Whiplash-associated disease (WAD) is the term used to describe injuries sustained as a result of sudden acceleration-deceleration movements. It is considered the most common result after a non-catastrophic motor vehicle accident.  The term WAD is often used synonymously with the term Whiplash However, whiplash refers to the mechanism of injury rather than the symptoms that occur in the absence of injury or structural pathology, such as pain, stiffness, muscle cramps, and headache.  The prognosis of WAD is unknown and unpredictable, some cases remain severe, but full recovery Some progression of chronic pain and disability  Early intervention recommendations are rest pain relief and basic stretching. 
The short video below sums up WAD nicely
Clinically Relevant Anatomy
Whiplash and whiplash-associated disease (WAD) affect various anatomical structures of the cervical spine, depending on the force and direction of the impact, as well as many other factors . Pain may be due to any of these tissues, secondary edema due to strain Bleeding and inflammation:
- Joints: facet joint, atlantoaxial joint, atlanto-occipital joint
- Intervertebral discs and cartilage endplates
- Ligaments: Alar ligament Anterior atlantoaxial ligament Atlantooccipital anterior ligament Parietal ligament Anterior longitudinal ligament Transverse atlantoaxial ligament
- Bones: Atlas axis vertebrae (C3-C7)
- Nervous System Structures: Nerve Roots Spinal Cord Brain Sympathetic Nervous System
- Vascular structures: internal carotid and vertebral arteries
- Adjacent joints: Temporomandibular joint Thoracic rib shoulder complex
- peripheral vestibular system
Most WADs are considered to be minor injuries based on soft tissue without evidence of fracture.
Injury occurs in three stages:
- Phase 1: The upper and lower spine undergoes flexion in Phase 1
- Stage 2: The spine takes an S shape, begins to stretch and eventually straightens, bringing the neck forward again.
- Stage 3: Shows extension of the entire spine, with strong shear forces causing compression of the facet joint capsules.
Studies of cadavers have shown that whiplash is the development of an S-shaped curvature of the cervical spine, resulting in hyperextension of the lower spine and curvature of the upper spine beyond the physiological limits of spinal mobility.
The Quebec Task Force categorizes WAD (whiplash) patients according to the severity of signs and symptoms as follows:
- Grade 1 patients complain of neck pain, stiffness, or tenderness but no positive findings on physical examination.
- Grade 2 patients exhibit musculoskeletal symptoms, including reduced range of motion and tender points.
- Grade 3 patients also present with neurologic signs, which may include sensory deficits, decreased deep tendon reflexes, and muscle weakness.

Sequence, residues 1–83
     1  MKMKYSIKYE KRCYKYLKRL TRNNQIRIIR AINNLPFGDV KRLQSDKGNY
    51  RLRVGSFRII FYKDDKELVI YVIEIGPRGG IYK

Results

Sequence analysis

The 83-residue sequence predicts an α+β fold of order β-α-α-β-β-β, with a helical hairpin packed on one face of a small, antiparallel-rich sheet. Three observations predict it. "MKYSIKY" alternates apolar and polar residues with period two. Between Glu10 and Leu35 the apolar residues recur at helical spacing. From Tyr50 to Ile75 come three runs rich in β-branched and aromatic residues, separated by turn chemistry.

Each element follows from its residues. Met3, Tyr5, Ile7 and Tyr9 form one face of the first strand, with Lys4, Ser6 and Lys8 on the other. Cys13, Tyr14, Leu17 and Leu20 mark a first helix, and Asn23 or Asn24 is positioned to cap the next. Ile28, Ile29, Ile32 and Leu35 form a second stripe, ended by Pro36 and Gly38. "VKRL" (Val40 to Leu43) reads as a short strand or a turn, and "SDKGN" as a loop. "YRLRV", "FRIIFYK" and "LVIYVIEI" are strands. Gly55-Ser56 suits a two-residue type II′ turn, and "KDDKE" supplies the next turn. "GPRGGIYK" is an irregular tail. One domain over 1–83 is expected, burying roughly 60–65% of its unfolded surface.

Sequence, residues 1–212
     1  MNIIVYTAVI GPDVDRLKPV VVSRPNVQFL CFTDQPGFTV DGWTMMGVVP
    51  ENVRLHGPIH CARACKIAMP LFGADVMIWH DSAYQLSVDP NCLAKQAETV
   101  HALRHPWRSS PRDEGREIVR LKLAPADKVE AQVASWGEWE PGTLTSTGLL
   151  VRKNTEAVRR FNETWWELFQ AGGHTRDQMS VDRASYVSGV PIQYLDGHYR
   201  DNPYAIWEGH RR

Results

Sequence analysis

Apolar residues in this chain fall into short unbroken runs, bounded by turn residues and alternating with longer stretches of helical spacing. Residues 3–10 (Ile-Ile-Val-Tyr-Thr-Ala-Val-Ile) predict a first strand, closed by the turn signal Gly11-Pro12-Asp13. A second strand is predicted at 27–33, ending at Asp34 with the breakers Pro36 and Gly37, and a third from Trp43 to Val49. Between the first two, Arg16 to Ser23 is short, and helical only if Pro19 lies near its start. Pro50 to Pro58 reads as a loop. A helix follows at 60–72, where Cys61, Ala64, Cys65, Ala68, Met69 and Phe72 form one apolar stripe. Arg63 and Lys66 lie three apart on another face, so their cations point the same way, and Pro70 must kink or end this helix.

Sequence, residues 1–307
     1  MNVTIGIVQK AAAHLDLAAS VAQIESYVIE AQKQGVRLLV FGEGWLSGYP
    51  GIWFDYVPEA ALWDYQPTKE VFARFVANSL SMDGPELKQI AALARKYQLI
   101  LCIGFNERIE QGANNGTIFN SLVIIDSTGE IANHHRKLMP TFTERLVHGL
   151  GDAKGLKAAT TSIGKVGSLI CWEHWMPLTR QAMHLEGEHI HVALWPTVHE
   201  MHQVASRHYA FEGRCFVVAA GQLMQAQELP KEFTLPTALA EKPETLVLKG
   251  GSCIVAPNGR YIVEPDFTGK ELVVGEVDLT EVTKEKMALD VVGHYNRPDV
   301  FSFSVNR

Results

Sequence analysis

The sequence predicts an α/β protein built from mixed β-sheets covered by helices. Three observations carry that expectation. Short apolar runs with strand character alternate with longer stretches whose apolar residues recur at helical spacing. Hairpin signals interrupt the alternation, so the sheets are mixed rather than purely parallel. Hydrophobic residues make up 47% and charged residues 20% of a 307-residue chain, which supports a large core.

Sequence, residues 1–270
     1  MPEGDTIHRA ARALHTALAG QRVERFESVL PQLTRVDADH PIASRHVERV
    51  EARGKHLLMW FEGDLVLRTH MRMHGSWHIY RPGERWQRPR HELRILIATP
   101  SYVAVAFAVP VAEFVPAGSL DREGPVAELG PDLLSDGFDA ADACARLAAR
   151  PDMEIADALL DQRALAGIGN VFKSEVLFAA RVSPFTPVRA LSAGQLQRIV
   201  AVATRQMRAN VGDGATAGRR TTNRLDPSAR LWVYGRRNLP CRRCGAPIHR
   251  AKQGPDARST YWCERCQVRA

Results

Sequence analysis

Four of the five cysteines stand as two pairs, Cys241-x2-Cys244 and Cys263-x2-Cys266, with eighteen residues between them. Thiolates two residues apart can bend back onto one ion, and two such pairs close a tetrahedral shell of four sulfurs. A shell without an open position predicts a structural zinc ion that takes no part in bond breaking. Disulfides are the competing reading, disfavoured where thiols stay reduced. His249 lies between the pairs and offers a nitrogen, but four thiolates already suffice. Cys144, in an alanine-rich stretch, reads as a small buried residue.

- Grade 4 patients showed fractures .
Whiplash-associated disorders describe a range of clinical symptoms associated with the neck following MVA or acceleration-deceleration injuries. The pathophysiology supporting this disease is still not fully understood and many theories exist. Some symptoms are thought to be caused by physical injury The following structure:
- Cervical Spine Facet Joint Capsule
- The facet joints
- Spinal ligaments
- Nerve roots
- Intervertebral discs
- Paraspinal muscles causing spasms
- Intraarticular meniscus.
The most common cause of WAD is MVA, but it can also occur from sports injuries and falls. A study by Holm et al. showed that the number of people reporting symptoms has increased in recent years; in their 2008 paper, they proposed that North American and Approximately 300 per 100,000 inhabitants in Europe . In the United Kingdom, mandatory seat belt wearing was introduced in 1983 to save road deaths and actually led to an increase in the number of WADs reported over the years . It’s also more common in women than men Two-thirds of women experience symptoms, and multiple studies have found that recovery tends to be slower or incomplete in women compared with men .
The risk of WAD in post-accident patients with cervical energy transfer acceleration and deceleration mechanisms depends on several factors:
- The severity of the impact however is difficult to obtain objective evidence to substantiate this .
- Pre-accident neck pain is a risk factor for acute neck pain after a collision .
- Women appear to be more likely to develop WAD.
- Age is also important; younger adults (18-23) are more likely to make insurance claims and/or are at greater risk for WAD treatment .
The number of people suffering from chronic pain worldwide ranges from 2% to 58%, but mostly between 20% and 40% .
- If patients are still symptomatic 3 months after the accident, they are likely to persist for at least two years and possibly longer .
- 50% of whiplash victims recover fully
- 25% may have mild disability, the remainder have moderate to severe pain and disability
There are many prognostic factors that determine the evolution of WAD and its likelihood of developing into chronic pain.
- Unfavorable expectations for resuming passive coping strategies and posttraumatic stress symptoms have been found to be associated with chronic neck pain and/or disability after whiplash 
- Self-reported unexplained pain before crash High psychological stress and low education level in females predict future self-reported neck pain .